Technical report on Wwise, the audio authoring middleware
(Translated from Japanese)
Audiokinetic, the developer of the audio authoring middleware Wwise, held a launch event for their Japanese company Audiokinetic K.K. at the Canadian Embassy in Akasaka, Tokyo. Mr. Naoto Tanaka, Music Director (BGM) and Mr. Kentaro Nakagoshi, Lead Sound Designer (SE), who were responsible for the audio of METAL GEAR RISING: REVENGEANCE, had the opportunity to present the significance of introducing Wwise into their production pipeline.
The presentation is geared towards audio professionals. We will share some of the material that was presented and some details provided by Mr. Ohmori, who was in charge of sound programming on this project. We hope this may help game developers who are considering implementing Wwise.
About the sound engineering:
Using Audiokinetic’s Wwise in METAL GEAR RISING: REVENGEANCE
BGM Example 1 video
BGM Example 2 video
Note that sound effects are turned off in the videos so you can hear the music better.
Mr. Ohmori received some questions after the presentation, so he would like to explain a little more on how long it took to integrate Wwise, as well as some points on how we worked with Wwise.
・About 2 weeks.
・The number of Wwise APIs are quite few.
・If we didn’t know what to do, we just used the sample [settings] for the time being, and it would run.
He thinks it took about 2 weeks to build the basic sound system. It was built to have some level of compatibility with the existing sound system. There aren’t that many APIs. In other words, what programmers can do is quite limited, as he will explain later. There are parts that will ultimately have to be adjusted, like I/O and streaming, but at first, we just kept the sample [settings] as is.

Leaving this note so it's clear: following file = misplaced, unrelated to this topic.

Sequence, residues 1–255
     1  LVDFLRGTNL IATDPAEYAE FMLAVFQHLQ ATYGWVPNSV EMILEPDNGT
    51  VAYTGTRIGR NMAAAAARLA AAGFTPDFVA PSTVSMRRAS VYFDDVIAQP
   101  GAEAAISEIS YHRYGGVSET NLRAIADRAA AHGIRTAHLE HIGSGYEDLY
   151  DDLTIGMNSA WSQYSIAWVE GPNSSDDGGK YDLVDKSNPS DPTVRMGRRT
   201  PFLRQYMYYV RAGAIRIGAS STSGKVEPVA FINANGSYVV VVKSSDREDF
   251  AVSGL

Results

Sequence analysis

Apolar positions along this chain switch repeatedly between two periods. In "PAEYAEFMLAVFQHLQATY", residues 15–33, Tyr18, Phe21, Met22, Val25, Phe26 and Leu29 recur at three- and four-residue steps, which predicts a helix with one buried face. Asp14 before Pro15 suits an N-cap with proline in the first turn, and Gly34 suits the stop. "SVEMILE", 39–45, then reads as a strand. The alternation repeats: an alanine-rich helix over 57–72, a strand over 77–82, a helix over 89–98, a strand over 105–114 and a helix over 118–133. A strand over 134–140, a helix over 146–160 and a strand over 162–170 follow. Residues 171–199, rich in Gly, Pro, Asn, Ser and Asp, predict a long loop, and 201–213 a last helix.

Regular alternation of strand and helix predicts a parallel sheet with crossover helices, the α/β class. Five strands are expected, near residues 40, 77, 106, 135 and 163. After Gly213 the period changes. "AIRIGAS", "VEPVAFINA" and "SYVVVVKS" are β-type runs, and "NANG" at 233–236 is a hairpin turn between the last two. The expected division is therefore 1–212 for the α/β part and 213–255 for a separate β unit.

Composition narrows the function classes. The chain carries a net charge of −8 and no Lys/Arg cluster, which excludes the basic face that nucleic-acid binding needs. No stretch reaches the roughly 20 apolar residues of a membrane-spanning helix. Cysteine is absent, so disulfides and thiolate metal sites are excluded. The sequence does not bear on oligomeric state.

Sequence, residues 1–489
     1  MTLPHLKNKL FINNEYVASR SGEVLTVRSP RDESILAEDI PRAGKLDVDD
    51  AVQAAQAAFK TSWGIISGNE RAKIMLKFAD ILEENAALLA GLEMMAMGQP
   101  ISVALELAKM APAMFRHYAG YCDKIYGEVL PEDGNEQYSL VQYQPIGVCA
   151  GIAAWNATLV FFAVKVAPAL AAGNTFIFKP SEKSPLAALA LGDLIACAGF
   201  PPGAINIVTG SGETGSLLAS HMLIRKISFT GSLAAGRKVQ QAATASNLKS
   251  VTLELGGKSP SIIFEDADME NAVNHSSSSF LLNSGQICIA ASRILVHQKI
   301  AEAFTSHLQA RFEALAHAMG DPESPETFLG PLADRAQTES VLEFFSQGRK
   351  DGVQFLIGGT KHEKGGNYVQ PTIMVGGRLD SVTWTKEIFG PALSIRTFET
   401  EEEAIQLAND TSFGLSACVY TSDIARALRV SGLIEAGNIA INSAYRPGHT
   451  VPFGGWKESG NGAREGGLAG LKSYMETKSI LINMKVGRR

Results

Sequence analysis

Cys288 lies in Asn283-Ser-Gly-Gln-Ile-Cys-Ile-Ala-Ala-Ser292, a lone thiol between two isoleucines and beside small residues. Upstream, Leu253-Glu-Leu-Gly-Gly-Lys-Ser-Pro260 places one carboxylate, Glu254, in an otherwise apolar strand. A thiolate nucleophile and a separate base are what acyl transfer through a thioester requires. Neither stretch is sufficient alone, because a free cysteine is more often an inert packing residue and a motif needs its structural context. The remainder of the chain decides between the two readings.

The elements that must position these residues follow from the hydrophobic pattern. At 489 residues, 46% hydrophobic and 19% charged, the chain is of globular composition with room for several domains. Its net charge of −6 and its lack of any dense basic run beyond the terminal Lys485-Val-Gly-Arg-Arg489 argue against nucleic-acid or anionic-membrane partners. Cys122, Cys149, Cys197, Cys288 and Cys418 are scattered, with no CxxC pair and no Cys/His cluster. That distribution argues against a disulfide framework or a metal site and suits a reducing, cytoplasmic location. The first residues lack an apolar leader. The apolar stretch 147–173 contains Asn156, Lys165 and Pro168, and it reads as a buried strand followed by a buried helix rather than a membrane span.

２．Difficulties at initial integration
・There is little that we can program!
He explains that the biggest difficulty during the initial integration of Wwise was that they couldn’t do anything from the programming side. From the programming side, the only thing they could do was execute events, and at first, it felt like their hands were tied. (There are parameter controls and other functions in Wwise, but the main feature is events.)
There’s not even an API to change the volumes. So if the sound team asked for the BGM volume to be lowered during pause, all he could say was, “You have to make that event.” When we first started using Wwise, he remembers saying over and over again, “There’s nothing the programmer can do. You have to create the event yourself.” Once we got used to it, the sound team started setting the necessary processing within the event. After that, all that the programmer had to do was call up events, so work became very easy.
３．CPU and memory performance
・Of course, the richer we make it, the heavier it becomes.
・Quality and performance can be balanced by the sound team.
Many of you will be worried about performance, so he made some performance captures of an actual in-game scene. It’s quite a busy scene, and he hopes it will be a good reference for you.